Burma Also Seeking Democracy
Brandon Sun “Small World” Column, Monday, August 22 / 11
We don’t often hear about the country Burma (also known as Myanmar) in Southeast Asia.
Some might recall their democracy advocate, Aung San Suu Kyi, who has been compared to South Africa’s Nelson Mandela, winning the Nobel Peace Prize in 1991, but she has been silenced by house arrest for most of these past 20 years.
Others might recall Burma / Myanmar as a country that was hard hit by Hurricane Nargis in 2008, displacing over two million of its citizens.
Despite possessing a strong agricultural base and being rich in natural resources, Burma’s per capita gross domestic product (GDP) is 13th lowest in the world.
It has the second-highest infant mortality rate outside of Africa, but receives only one-tenth the amount of international aid of the world’s poorest countries, in part because of the lack of credibility of its rulers and the control the military holds over all aspects of the country’s governance.
Aside from the brutality of the leadership, they are also often linked to the opium trade in that country.
Burma is a country slightly smaller than Texas, lying between Bangladesh and Thailand. It has a population of around 50 million from many ethnic groups and speaking about 100 first languages, which has in part contributed to unrest there.
Independence from Britain came in the late 1940s and, after more than a decade of political uncertainty, a military coup in 1962 has led to almost a half century of repressive rule, and restricted access by people from the West.
In 1988, the Burmese population demonstrated against one-party military rule in major civil disobedience led by students and Buddhist monks.
From spring to fall of that year, thousands were arrested, tortured and / or killed, and tens of thousands became refugees or guerrilla fighters, living in camps (even to this day) and fighting from bases along the border between Burma and Thailand.
The first multi-party election in 30 years was held in 1990 with Aung San Suu Kyi and her National League for Democracy taking three-quarters of the seats.
However, the military would not relinquish rule and another election would not be held for twenty more years, in 2010.
Since that time, with cosmetic changes to make its face more acceptable to Western observers, the military SLORC regime (State Law & Order Restoration Council) has fought a protracted war against a variety of dissident groups.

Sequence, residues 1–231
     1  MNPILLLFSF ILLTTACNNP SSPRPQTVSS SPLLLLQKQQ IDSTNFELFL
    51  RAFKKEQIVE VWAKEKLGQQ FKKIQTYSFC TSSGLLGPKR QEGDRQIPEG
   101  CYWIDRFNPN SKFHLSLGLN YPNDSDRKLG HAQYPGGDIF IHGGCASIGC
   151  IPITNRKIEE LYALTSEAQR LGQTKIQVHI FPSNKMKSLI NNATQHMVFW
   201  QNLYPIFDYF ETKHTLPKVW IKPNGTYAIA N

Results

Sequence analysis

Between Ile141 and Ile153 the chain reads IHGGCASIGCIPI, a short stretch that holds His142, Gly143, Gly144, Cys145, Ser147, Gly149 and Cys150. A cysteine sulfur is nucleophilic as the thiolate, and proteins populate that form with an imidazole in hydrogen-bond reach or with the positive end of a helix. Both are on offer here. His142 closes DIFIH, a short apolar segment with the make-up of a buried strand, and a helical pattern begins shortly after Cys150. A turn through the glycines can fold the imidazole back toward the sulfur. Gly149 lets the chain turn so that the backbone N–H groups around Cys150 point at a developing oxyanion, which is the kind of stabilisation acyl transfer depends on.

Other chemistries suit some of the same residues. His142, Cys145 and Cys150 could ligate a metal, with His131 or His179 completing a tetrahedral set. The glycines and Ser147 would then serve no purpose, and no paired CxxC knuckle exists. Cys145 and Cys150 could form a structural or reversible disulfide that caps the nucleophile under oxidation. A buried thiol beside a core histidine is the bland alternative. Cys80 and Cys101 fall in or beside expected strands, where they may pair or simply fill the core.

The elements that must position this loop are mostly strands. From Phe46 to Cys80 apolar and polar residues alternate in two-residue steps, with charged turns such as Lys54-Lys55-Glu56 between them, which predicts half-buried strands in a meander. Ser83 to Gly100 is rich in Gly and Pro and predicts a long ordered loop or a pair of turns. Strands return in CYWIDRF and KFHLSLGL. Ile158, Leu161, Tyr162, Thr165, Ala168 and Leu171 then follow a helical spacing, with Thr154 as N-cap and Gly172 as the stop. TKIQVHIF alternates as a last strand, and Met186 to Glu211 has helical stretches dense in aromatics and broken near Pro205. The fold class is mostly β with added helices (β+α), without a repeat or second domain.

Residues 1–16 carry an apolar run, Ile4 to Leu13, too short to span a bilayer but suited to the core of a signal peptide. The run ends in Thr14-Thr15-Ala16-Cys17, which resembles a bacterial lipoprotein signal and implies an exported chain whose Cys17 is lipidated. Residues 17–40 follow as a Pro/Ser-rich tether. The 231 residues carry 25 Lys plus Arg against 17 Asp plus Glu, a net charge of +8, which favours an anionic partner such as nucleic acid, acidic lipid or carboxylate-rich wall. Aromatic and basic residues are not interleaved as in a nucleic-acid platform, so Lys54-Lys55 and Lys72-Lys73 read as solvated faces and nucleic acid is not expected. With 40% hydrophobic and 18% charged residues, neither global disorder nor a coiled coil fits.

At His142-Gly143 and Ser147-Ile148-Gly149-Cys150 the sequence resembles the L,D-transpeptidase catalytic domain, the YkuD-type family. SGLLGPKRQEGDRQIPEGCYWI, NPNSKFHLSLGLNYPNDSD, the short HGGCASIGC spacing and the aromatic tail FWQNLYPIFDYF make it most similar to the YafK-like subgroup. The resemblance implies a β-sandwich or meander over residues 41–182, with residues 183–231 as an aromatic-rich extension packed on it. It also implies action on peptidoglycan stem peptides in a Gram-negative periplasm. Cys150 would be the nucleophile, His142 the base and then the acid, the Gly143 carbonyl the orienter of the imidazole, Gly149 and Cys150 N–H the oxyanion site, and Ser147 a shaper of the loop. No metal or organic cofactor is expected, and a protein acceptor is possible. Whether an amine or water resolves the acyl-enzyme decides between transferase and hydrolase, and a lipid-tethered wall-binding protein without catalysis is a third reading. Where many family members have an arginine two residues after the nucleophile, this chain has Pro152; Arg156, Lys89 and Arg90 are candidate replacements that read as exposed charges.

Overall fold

SLORC has been accused of institutionalized repression of their population while “modernizing” the country via large-scale development projects and resource extraction and export (hydro-electric and oil exploration).
The benefits have not trickled down to the poor, but divisions in the opposition movement have weakened that side of the struggle.
The military rulers of Burma have undertaken a number of major development projects that disregard the cultures and rights of groups affected.
Indigenous communities in mining and hydro development areas, say critics, are not consulted about these projects and their villages are occupied by soldiers to keep protest down.
Chinese companies and banks are involved as contractors and investors in Burma (and also in similar projects in East Africa and in other parts of Southeast Asia) acting as a threat to the environment, to indigenous culture and to relations among communities.
Burma’s opium production rose sharply in 2010 (while Afghanistan’s fell by one-third) - another negative impact on the country and in the world.
An election in November 2010 brought in a nominally civilian government closely tied to the military.
While the victorious claimed to have 80% of popular support, many irregularities were identified by election observers.
The new government may be the “same old”, but Western governments are being urged to take this opportunity to influence its policies by offering dialogue and aid to bring Burma into the mainstream.
As is often true of dictatorships, the future of Burma is somewhat dependent on the retirement plans of its most powerful general, Than Shwe, who has stepped back from, but not out of, power.
His weakening health and rumblings of discontent from military members not favoured in his reorganization after the election may mean changes in the country’s direction in the near future.
While Aung San Suu Kyi has been released (yet again) from house arrest, her re-engagement in the political process has already caused the government to direct her to stop holding political meetings as “there may be chaos and riots.”
At a time, however, of popular uprisings around the world, her response has been that the universal aspiration to be free can lead to quick and peaceful transitions to democracy, and that Burmese envy the solidarity of people in Tunisia and Egypt and feel a renewed commitment to the cause of human dignity.
In other words, stay tuned!
Zack Gross works for the Manitoba Council for International Co-operation (MCIC), a coalition of more than 40 international development organizations.
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